That provides the perfect segue to our second guardrail: Focusing only on advertising in the metaverse may not maximize results for most companies. The metaverse may appear to be virgin territory, with untapped shares of mind and low customer acquisition costs, but this should not last long, and it won’t be easy to make inroads. To succeed, companies will need to embrace the metaverse as an opportunity to expand what their brands do. 

The interactions in a metaverse usually involve the integration of physical and virtual spaces. For example, Coke recently auctioned a Friendship Box in Decentraland containing three NFTs: a custom Coca-Cola bubble jacket; a sound visualizer featuring audio clips as you sipped or poured virtual Coke; and a Friendship Card, with revamped artwork from the 1940s. And the auction winner received a real cooler filled with cans of Coke. 

In an increasingly digital world where the lines between the real and the virtual are blurred, brands have to craft interactions that engage consumers at a personalized, deeper level and offer value in a noninvasive way—exactly the type of experiences that the metaverse can make happen. And conveniently, m-platforms will leverage those experiences to remain fresh and interesting. 

Companies are therefore likely to win if they can develop metaverse-appropriate strategies, which should be three-pronged: 

Capture more emotion-related data in real time 

Powered by a more potent generation of microchips, VR headsets enable companies to collect a variety of novel data—how people’s legs, hands, and bodies move, when the pupils of their eyes contract and expand, how their minds react—from users that visit metaverses. A 2018 Stanford Virtual Human Interaction Lab paper estimated that 20 minutes in a VR simulation allows almost 2 million body language recordings. The first companies to collect and analyze data when people’s avatars use their virtual products or interact with employees’ avatars in their virtual stores will enjoy an edge. They will have more data than later entrants, be able to refine data-driven insights over time, and be able to negotiate from a position of strength with companies that need to access their data.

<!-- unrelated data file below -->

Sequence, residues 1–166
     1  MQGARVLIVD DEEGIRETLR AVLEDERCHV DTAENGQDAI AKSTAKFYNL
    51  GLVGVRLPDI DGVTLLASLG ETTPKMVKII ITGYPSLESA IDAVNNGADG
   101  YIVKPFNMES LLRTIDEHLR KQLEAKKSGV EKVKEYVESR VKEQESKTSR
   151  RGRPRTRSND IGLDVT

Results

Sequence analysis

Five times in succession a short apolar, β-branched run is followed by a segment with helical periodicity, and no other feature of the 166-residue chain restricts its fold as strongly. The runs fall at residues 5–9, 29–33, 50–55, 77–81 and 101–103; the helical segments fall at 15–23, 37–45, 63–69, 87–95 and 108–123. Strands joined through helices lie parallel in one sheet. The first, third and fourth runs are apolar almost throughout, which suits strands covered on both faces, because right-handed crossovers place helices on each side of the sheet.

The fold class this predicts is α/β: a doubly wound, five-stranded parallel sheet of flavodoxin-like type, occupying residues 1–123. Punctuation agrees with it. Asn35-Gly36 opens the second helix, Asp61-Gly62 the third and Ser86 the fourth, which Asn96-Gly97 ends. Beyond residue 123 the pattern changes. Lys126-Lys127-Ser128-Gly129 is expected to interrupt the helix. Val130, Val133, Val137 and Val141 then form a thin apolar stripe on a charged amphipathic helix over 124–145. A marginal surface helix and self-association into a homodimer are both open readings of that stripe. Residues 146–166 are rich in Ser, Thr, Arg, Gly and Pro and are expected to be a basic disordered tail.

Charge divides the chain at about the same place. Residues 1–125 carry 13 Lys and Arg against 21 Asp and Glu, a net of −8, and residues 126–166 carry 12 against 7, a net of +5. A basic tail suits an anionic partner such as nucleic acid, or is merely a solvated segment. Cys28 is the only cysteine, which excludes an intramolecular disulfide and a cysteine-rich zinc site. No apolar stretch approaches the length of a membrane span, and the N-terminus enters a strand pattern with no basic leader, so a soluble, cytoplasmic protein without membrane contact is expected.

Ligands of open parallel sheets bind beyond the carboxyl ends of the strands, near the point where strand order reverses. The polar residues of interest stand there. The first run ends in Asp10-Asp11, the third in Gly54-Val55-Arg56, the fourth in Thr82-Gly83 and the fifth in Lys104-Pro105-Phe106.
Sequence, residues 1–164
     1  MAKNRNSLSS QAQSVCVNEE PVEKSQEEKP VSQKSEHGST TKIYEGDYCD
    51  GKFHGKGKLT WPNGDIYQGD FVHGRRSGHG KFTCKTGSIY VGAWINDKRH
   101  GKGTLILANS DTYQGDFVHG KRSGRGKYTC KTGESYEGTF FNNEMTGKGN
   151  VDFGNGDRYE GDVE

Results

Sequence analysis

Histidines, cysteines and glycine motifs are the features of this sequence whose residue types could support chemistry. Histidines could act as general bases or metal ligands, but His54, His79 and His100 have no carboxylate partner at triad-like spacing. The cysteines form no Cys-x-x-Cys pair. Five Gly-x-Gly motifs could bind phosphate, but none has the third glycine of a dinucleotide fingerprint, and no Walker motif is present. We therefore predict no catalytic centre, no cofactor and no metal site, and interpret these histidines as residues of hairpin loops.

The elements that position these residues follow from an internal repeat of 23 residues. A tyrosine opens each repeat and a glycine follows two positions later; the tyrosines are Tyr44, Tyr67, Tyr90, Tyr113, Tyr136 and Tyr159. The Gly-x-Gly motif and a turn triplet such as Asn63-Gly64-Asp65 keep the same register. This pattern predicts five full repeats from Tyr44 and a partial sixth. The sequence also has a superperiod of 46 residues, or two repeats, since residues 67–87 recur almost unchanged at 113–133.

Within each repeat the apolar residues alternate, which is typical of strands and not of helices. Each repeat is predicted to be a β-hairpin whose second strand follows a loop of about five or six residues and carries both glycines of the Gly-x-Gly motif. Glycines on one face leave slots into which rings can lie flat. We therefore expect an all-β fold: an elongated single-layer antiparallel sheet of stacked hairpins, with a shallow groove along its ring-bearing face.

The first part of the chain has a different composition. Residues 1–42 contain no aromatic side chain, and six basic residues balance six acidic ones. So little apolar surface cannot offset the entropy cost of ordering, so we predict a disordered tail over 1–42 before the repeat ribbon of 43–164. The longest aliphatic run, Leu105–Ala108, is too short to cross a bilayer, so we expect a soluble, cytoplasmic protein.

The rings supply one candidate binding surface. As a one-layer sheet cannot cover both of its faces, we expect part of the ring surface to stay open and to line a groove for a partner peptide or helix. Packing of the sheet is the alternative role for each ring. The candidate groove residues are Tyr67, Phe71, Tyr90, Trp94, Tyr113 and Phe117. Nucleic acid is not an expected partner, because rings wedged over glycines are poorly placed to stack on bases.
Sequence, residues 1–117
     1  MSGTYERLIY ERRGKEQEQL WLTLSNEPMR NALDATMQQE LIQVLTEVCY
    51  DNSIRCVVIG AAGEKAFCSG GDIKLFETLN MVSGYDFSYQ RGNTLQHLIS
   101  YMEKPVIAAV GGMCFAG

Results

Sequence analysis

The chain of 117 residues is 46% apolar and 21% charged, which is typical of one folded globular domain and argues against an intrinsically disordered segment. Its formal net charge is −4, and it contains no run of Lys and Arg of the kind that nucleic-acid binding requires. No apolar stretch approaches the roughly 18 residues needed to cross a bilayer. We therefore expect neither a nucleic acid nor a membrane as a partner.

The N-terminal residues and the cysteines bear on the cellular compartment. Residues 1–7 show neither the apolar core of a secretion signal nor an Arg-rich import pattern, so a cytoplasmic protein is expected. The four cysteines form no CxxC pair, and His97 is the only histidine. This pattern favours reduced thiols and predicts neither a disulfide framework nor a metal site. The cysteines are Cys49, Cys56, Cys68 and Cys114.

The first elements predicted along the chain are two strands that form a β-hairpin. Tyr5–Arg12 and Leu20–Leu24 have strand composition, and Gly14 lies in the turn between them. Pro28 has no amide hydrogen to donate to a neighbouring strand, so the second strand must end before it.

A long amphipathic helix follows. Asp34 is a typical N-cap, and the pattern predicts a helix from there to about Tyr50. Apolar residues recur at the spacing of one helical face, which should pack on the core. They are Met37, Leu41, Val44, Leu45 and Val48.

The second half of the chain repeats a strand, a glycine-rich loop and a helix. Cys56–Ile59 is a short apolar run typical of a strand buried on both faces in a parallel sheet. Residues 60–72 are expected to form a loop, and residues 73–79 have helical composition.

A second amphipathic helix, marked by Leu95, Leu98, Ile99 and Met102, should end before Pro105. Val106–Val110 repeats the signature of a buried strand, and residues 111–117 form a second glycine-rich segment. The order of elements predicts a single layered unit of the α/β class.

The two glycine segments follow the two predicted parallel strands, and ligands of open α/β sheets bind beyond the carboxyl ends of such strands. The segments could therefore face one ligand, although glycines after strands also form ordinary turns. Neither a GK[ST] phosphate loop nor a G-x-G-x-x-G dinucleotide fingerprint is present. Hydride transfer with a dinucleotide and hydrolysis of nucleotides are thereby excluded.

Cocreate and test products virtually 

Companies can use the metaverse to share ideas and advanced concepts with potential users; codesign virtual prototypes; and get feedback from a variety of consumers. Doing so could accelerate product development cycles, and help predict whether innovations will succeed—or fail. In addition to familiarizing young people with their products, business could plant the seeds of long-lasting relationships. 

In October, for example, Hyundai Motor launched Hyundai Mobility Adventure, a shared virtual space on Roblox in which avatars can experience Hyundai’s offerings and communicate with each other. They can test-drive Hyundai’s new vehicles and transportation solutions; operate robotic vehicles and urban air-mobility devices; and participate in several social activities and experiences. 

Test the metaverse market

There’s no doubt that the metaverse economy is going to grow—and become big. With global metaverse revenue forecasted to reach $400 billion by 2025 and driven by millions of visitors, brands that focus on them, particularly premium ones, will be able to foster a sense of community as well as inculcate brand loyalty among younger customers before they can buy the real thing! For high-end brands, selling NFTs of their products in the metaverse could become revenue streams in their own right. It isn’t an exaggeration; several luxury brands such as Balenciaga, D&G, and Rebecca Minkoff are showing the way. They have launched digital products that can be bought in-game; launched limited-edition NFT collections; and created branded worlds. 

To be sure, metaverses are far from an enduring reality (sic!), but when they become part of our daily lives, not every company will be able to find the room to grow in those competitive markets. Like the human beings who control them, avatars will have limited time, opportunities, and energy to engage with brands. Companies that hope to prosper in the metaverse tomorrow should explore its frontiers today, and plant their stakes before there are no virtual worlds left to conquer. 

Read more columns by François Candelon. 

François Candelon is a managing director and senior partner at BCG and global director of the BCG Henderson Institute. Karen Lellouche Tordjman is a managing director and partner at BCG, and fellow at the BCG Henderson Institute. Ariane Lafolie is a consultant at BCG and ambassador at the BCG Henderson Institute.

Fortune’s upcoming Brainstorm Design conference is going to dive into how businesses are building experiences in the metaverse. Apply to attend the event on May 23-24 in New York.